Root uses meeting to push for elimination of credit scores to set auto insurance rates

Mark Williams
The Columbus Dispatch
Columbus insurer Root is calling for an end to the use of credit scores to set auto insurance rates. Posting these signs around the Greater Columbus Convention Center were among the things that Root did to raise awareness of the issue during the meeting of the National Association of Insurance Commissioners.

An auto insurer is giving the industry an earful for using credit scores to set a driver's insurance rate.

And Root is doing it in its home town where the National Association of Insurance Commissioners held it summer meeting. 

"For those who aren’t wealthy or have a thin file, the system means paying more because of who they are, rather than how they drive," Root CEO and co-founder Alex Timm told a special committee that the association has formed to study race and insurance on Sunday. "An unfair system becomes more unfair when race becomes a factor." 

The association's four-day meeting drew about 700 people to Columbus while another 1,250 tracked it online. It wrapped up Tuesday.

The Bottom Line: Study shows why credit scores can be so valuable when it comes to auto insurance

Credit scores are among a number of factors most insurers consider when setting rates.

Root isn't among them.

The company was founded on the notion of using technology to come up with a fairer way of selling insurance. Drivers download the Root app and then drive. Root then determines whether the person drives well enough to warrant coverage and prices the policy.

Timm told the committee that the use of credit scores entrench bias into pricing.

"I want to see a world where we don’t use demographic factors that are beyond a driver's control to set their car insurance rate," he said. "Where drivers are priced individually on their behavior and risk, not as part of a group because of where they work or their education level."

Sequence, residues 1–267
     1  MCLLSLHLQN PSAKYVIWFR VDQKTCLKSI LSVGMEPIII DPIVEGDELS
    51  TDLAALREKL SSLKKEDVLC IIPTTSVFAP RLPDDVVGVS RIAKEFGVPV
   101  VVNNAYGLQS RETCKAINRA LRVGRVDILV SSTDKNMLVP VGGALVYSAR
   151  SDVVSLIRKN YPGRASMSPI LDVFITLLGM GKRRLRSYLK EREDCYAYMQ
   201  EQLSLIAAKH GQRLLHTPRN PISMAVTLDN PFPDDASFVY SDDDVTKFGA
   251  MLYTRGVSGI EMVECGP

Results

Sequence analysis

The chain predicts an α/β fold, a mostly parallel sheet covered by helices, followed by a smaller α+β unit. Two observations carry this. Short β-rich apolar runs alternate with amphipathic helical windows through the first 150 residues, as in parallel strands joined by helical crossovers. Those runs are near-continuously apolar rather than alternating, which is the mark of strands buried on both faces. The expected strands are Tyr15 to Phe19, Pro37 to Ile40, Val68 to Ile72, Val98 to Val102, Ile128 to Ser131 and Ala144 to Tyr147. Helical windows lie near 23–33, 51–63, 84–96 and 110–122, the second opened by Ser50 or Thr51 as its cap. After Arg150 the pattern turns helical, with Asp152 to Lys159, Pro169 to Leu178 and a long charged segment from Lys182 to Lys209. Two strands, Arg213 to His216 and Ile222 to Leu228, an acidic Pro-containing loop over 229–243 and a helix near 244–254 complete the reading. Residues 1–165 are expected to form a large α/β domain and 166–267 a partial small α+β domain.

Columbus auto insurer Root has put up messages around the Greater Columbus Convention Center to protest the use of credit scores to price auto insurance during the summer meeting of the National Association of Insurance Commissioners.

Timm's testimony before the committee wasn't the only thing that Root did to call attention to the issue.

Root bought a full-page ad in the Sunday Dispatch addressed to the committee, put up messages around the Greater Columbus Convention Center where the meeting was held, and took over Mikey's Late Night Slice and turned it into the "Unfair Slice," where Root met with those attending the meeting and others to talk about the issue.

In his testimony, Timm cited the case of a 30-year-old Guatemalan-American living in Washington, D.C. Because of a credit score in the low 500s, he receives quotes for insurance of about $350 a month for minimal coverage on a used car. His only ticket was for a broken taillight.

"His rate shouldn't be that high," he said.

California, Hawaii, Washington, Maryland, Massachusetts, Utah, Michigan and Utah prohibit the use of credit scores in setting rates, according to the association.

Timm pushed the committee to investigate the issue and come up with a model law that can be used by commissioners and legislators can use to create what he called a fairer pricing system for insurance.

The industry has defended the use of credit scores, saying there is a correlation between credit scores and claims. The lower the score, the greater the odds that the driver will file a claim, the industry has argued.

Insurers use credit scores differently to rate drivers.

"Regulators in more than 40 states allow auto insurers to used credit-based insurance scores as a rating factor," said Michael Barry, spokesman for the Insurance Information Institute, an industry group. "Regulators agree with actuarial studies that show how a person handles his or her financial affairs is a good predictor of whether they'll file a claim."

@BizMark Williams

 NAIC provides expertise, data, and analysis for insurance commissioners to effectively regulate the insurance industry and protect consumers.

Mileage-based insurance gets fresh look from drivers staying at home

As you know, credit-based scoring is currently used by every major auto insurer in the country as the main factor to price policies. Under this system, those with lower credit scores are often forced to pay more, even if they are the safest drivers on the road. 

More than anything else, credit scores entrench bias into pricing. But its effects are not felt equally.